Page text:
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I work on an application with a steady data income of 400 MB/hr. For that purpose we have setup 10 redo log groups with a size 100MB each. Therefore, we roll over a log approx. every 15min.

Because of limited disk space, we have a retention job which deletes 'old' data after a certain time. When this job is run it is doing a delete cascade based on timestamps. So far so good...

When the data removal process is running the redo log interval shortens to 15s and after 9 log rollovers we see the infamous 'Checkpoint not completed' message.

We oberserved with top and iotop how the log writer (ora_lgwr_XXXX) and database writers (ora_dbwX_XXXX) behave and found that the database writers are completely idle until the point of 'Checkpoint not complete'. The logwriter writes with MB/s and the database writers idle. Regarding the documentation the database writers start on created checkpoints and these are created after every redo log rollover.

So, why are the database writers not working until the redo logs are all full?

Shouldn't I see some significant I/O for the database writers after the first checkpoint is completed with the first redo log rollover?

We see some accumalted kBs for the two datbase writers before the 'Checkpoint not completed' message with at least 9 redo log rollovers. Afterwards, the database writers store the data with a rate of MB/s to database.

Can the database writer processes made more aggressive? Idealy depending on the amount of data pending in the redo logs? I do not need to have every byte integrated into database files immeditially, but when a lot of data is pending in the database buffer cache (and the redo logs are still active) and a lot of data is coming in, there should be a mechanism to drive the database writers to a higher performance?

Metadata:

  • 8 vCPUs
  • 56 GB RAM
  • Oracle 11.2.0.3
  • log_checkpoint_interval=0
  • log_checkpoint_timeout=1800
  • db_writer_processes=1
  • 10 redo log groups, 100MB each
  • 1 1TB parition via iSCSI for all data (oradata)
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    That's a very small size for redo logs in this day and age – Philᵀᴹ Jun 22 '17 at 10:21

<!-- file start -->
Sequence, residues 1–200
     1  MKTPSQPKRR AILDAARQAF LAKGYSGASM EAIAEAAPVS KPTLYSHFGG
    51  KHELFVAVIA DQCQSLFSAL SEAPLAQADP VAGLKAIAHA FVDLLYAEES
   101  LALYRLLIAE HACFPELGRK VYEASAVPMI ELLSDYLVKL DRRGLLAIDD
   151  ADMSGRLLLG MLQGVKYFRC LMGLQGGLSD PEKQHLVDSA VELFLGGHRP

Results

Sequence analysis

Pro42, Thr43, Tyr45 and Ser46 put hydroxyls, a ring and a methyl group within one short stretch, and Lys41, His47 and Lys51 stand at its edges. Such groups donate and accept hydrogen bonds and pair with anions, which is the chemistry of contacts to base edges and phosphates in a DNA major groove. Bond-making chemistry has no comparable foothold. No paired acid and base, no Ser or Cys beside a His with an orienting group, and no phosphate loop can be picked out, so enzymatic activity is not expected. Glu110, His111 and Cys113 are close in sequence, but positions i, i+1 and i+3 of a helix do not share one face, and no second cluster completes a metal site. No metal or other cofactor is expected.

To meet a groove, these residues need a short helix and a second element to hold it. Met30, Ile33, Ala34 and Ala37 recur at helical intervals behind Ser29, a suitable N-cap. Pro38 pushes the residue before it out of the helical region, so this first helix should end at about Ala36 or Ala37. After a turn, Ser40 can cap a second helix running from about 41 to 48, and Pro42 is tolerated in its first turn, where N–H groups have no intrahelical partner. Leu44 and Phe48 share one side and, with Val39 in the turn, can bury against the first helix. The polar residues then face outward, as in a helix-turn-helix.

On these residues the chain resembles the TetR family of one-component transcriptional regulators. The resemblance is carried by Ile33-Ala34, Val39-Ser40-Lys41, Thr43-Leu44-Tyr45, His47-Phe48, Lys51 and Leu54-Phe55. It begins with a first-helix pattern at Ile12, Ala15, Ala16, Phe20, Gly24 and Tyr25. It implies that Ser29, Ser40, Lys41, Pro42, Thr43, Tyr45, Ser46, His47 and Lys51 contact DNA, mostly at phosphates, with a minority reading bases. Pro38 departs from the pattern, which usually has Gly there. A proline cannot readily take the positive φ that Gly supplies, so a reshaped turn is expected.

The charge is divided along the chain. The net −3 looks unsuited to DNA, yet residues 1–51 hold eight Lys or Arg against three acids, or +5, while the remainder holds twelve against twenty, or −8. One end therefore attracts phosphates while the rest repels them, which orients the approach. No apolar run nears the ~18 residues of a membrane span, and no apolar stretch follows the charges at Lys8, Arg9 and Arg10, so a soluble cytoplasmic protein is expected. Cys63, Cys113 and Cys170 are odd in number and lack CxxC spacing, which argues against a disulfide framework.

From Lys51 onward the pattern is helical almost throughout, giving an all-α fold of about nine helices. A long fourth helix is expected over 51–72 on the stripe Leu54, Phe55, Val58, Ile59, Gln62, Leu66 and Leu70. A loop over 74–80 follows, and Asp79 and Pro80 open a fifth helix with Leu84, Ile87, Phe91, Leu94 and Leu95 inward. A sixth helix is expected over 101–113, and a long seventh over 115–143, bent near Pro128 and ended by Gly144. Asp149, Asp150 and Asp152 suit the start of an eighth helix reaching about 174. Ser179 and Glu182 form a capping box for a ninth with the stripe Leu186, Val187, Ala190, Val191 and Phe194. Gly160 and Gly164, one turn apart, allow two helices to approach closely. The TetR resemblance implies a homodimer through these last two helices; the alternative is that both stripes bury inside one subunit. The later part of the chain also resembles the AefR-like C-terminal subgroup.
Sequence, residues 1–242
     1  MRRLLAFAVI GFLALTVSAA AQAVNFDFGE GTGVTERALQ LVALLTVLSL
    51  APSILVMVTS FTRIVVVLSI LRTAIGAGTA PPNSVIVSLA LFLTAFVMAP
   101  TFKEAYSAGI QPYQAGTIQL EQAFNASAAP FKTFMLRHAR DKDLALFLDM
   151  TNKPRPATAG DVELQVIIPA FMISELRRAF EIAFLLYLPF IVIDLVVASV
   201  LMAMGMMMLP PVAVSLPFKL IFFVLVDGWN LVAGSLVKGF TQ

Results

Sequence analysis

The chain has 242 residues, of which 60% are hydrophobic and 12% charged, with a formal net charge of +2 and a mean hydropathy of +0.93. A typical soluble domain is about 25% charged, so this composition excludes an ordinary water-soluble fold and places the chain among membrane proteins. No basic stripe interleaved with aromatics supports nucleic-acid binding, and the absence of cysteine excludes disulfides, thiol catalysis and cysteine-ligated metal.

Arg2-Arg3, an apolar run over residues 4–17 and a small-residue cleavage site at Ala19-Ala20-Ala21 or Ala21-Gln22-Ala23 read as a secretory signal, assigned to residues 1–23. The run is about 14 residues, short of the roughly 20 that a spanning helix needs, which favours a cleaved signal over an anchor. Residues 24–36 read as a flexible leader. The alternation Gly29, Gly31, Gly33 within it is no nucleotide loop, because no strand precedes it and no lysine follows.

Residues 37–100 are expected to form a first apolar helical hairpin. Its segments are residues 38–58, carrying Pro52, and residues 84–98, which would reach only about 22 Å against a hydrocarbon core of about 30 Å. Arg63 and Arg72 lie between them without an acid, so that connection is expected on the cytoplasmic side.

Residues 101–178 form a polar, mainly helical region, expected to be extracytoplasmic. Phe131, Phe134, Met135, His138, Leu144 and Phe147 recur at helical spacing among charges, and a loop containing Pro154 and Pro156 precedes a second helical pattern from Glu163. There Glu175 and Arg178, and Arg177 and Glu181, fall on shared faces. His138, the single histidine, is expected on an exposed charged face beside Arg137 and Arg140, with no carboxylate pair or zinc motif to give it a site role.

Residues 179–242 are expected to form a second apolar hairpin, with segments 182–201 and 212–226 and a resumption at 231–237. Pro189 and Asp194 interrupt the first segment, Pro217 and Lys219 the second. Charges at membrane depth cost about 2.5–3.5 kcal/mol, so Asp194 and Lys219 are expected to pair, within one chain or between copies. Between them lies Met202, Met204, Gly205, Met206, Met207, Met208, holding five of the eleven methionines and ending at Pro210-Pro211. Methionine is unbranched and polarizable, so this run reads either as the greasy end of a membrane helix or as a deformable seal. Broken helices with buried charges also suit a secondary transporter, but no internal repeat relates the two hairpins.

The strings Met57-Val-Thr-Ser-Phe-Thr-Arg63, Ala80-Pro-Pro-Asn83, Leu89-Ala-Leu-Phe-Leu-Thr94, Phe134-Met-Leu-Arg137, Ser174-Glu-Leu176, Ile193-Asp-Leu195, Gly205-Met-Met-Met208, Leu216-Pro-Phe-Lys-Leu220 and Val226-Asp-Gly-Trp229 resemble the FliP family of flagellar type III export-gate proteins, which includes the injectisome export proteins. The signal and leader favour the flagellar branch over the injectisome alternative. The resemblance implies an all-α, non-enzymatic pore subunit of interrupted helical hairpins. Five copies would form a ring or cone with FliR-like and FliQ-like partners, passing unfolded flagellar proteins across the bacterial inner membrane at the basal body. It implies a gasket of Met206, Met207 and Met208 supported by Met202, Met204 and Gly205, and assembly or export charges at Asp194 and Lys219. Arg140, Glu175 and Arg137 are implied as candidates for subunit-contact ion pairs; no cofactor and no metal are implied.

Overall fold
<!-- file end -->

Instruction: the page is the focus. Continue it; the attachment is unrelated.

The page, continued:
• I think @Philᵀᴹ is right, due to your settings, the 'checkpoint incomplete' message is showing symptoms of underlying problems. "I do not need to have every byte written to disk immediately", yup, you don't but DB has to to guarantee consistency. During your busy 'delete' time see how many logs are switched, then use that info to resize your logs. I'd say at-least 500Mx10 would be a start and then monitor. Also is archive_lag_target set? to what value? – Raj Jun 22 '17 at 12:01
  • We have 1GB of redo logs in total for an average amount of data of 400MB per hour. We roll over ever 15min. That looks reasonable at first. I made the comment about the disk writes more precise, because I meant the data integration into database files. I wonder why the database writers do not try to keep up with the logs. At the moment, we need about 3min to fill up the redo logs completely. Data integration is slower than log writing, that's clear, but if the database writers would do a better job, we could increase the time of redo log file fillup and maybe this would already be sufficient? – Rick-Rainer Ludwig Jun 22 '17 at 12:55
  • in your transaction that loads 400MB/hr, when and how often do you commit? – Raj Jun 22 '17 at 17:48
  • I do not know the exact frequency, but a couple of times per second. We get the data in packets every 3 to 5 seconds and have some different commits for metadata, some raw data, statistical values and calculations... We talk about~100kBs per second over maybe 2 or 3 commits in this second. – Rick-Rainer Ludwig Jun 22 '17 at 18:09
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I guess you could play with the fast_start_io_target and log_checkpoint_timeout initialization parameters to entice database writers to write out dirty blocks more aggressively. Unless your redo logs are on a different I/O path from your data files, you are unlikely to see any benefits from this though, because both log and database writers will compete for the same I/O bandwidth. A better choice, as others have mentioned, would be to increase the size of your redo logs to accommodate long-running transactions.

  • For Oracle 11g, the parameter is deprecated in favor for parameter FAST_START_MTTR_TARGET. This one is overwritten by log_checkpoint_timeout. So, it leaves with one only. The latter, I will try end of the week, but it is not very promising. The timeout also creates a checkpoint, exactly like redo log rollover. Why should the database writer start earlier then? The main question is still: Why do the database writers start so damn late!? – Rick-Rainer Ludwig Jun 26 '17 at 17:43

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